When people ask where in Paris our apartment is, I know they probably won’t recognise the majority of addresses, but the chance of recognition is higher when you say, do you know the Marais? East bank, across the river from Notre Dame? Home of Place de Vosges and the Picasso Museum? No? The old Jewish quarter of Paris? Still no? Lots of trendy boutiques, gay bars and falafel shops? Ah, got it.
I’ve said before that anyone who knows Paris wants to stay in the Marais. This is probably the case for most tourists: it is perfectly located for sightseeing, within strolling distance of many of the iconic sites and its pedestrianised streets separate it from the traffic. You could never leave its cobbled quarters and still eat in a different restaurant every night. You might never run out of museums and galleries to visit or shops in which to browse. But is it somewhere you would want to live, part-time or otherwise? Here is a run-down of the pros and cons of owning an apartment in the Marais:
- The central location
The central location makes it easy to get to from the main airports and railway stations. One of Paris’s busiest metro stations, Châtelet Les Halles, connects the Marais to the rest of the city. It is easy to walk almost anywhere and you’re never more than a few metres from a bus stop, metro stop or passing taxi.
- The medieval charm
We were given the advice that it’s better to live in a new building and look out at the beautiful old ones than in an old one with its leaks and creaks. But we couldn’t be convinced to give up the dream of an old Parisian building. In the Marais you’ll find 500 year old buildings with all of the charm and history that goes with them.
- That Paris feeling
You will never forget you’re in Paris if you stay in the Marais. The streets are suitably full of boulangeries and chocolateries, cafes sprawl onto the pavements and the area has more than its share of recognizable landmarks. If you want that quintessential Paris feeling, you can find it in abundance in the Marais.
- It’s vibrant and happening
The thriving social and cultural scenes attract characters from all walks of life. Tourists mingle with Parisians of all ages and backgrounds. Every time we visit, we notice a new shop here, a pop-up restaurant there. Things happen so quickly in the Marais, it’s difficult to keep up.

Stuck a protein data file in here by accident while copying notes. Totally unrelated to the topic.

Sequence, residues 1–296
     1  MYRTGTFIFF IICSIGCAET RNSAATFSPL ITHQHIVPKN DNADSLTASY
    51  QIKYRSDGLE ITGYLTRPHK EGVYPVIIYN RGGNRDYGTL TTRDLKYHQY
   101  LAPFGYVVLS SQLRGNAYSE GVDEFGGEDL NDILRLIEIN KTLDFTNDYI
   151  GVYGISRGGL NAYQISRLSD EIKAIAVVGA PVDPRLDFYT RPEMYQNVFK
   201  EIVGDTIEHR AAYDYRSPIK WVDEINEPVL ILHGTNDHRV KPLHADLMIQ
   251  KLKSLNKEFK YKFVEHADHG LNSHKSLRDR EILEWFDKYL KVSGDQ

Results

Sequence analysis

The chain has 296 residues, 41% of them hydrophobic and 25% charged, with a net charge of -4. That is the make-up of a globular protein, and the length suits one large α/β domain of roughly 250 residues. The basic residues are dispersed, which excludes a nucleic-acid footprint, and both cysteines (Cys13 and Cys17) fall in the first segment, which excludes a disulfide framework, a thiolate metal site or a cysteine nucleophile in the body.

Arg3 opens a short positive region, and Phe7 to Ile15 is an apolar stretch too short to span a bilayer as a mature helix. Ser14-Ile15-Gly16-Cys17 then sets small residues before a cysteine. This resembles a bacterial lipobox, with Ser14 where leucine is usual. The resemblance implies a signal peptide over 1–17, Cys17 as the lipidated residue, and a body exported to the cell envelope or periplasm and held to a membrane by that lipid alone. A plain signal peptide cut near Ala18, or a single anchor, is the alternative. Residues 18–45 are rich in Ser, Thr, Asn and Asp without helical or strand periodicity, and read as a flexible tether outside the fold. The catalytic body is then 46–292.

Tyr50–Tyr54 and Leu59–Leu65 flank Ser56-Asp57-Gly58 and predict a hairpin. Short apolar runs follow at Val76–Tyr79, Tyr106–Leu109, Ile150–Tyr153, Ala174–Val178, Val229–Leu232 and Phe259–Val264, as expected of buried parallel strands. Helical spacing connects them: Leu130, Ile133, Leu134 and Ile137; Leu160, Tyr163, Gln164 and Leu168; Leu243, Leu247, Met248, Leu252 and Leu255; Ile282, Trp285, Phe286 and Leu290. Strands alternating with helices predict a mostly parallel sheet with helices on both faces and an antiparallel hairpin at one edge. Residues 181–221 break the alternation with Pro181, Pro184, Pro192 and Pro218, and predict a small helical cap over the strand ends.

- Its fashion credentials
Fancy yourself as a bit of an intellectual or an artist? The Marais galleries exhibit all of the right names to drop; the shops are full of cutting-edge fashions; up-and-coming designers, architects and restauranteurs all vie for their tiny corner of this trendy district. If a fashionable address is important to you, you can buy one in the Marais.
- Old buildings
Leaky taps, rusty pipes, rotting floorboards—you never know what might be behind the newly painted walls of your 500 year old building. Old apartments come with bags of charm but also with the risk of an expensive repair project somewhere in the future. We have already had one plumbing incident. Think about how important those beamed ceilings are to you and weigh up the risks.
- Little space for your money
The Marais is one of the most expensive areas of Paris, with an average square metre price of €12,000. That puts a 40 square metre apartment at almost half a million euros. One of the first decisions you make when buying property in Paris will be whether to prioritise space or location. We chose to compromise on space.
- It’s the quarter that never sleeps
There are restaurants, cafes and bars on practically every corner in the Marais. Great when you’re a tourist who has to be prized from the terrace at closing time. Less apt if you need to get up for work in the morning. Even our apartment, located on a quiet side street, is not spared the noisy spill at closing time or merriment from revelers moving from one café to the next.
- Tourists for neighbours
It is unlikely that you will get to know your neighbours in the Marais because they will always be changing. Our neighbours at the moment are a Chinese family, crammed into the tiny apartment above, three American girls on the top floor and a lone French student and his dog in the basement. A couple of months from now they will be gone and new neighbours will have moved in. Lodgers come and go with the seasons in the Marais.
- It’s eye-wateringly expensive
I live in Oslo where a pint of beer will set you back €15. While I’ve become more or less immune to sticker-shock, I still begrudge that the asparagus in the organic vegetable shop on Rue Rambuteau is four times the price of that sold at the street market in Place d’Aligre. Everything in the Marais gets the hipster mark-up making cost-of-living more expensive than in other areas of Paris.
Each area has its pros and cons. Make a list and choose the one that is right for you.